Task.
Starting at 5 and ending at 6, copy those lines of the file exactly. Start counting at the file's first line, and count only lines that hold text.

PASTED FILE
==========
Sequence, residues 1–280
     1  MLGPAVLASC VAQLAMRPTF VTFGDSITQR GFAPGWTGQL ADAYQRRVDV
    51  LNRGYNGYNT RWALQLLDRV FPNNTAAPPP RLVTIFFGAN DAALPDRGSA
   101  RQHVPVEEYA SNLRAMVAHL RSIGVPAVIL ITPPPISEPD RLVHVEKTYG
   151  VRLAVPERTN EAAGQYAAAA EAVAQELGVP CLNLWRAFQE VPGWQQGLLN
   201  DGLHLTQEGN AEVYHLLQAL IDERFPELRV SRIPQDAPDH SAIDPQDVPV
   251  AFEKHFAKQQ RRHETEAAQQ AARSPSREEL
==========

   151  VRLAVPERTN EAAGQYAAAA EAVAQELGVP CLNLWRAFQE VPGWQQGLLN
   201  DGLHLTQEGN AEVYHLLQAL IDERFPELRV SRIPQDAPDH SAIDPQDVPV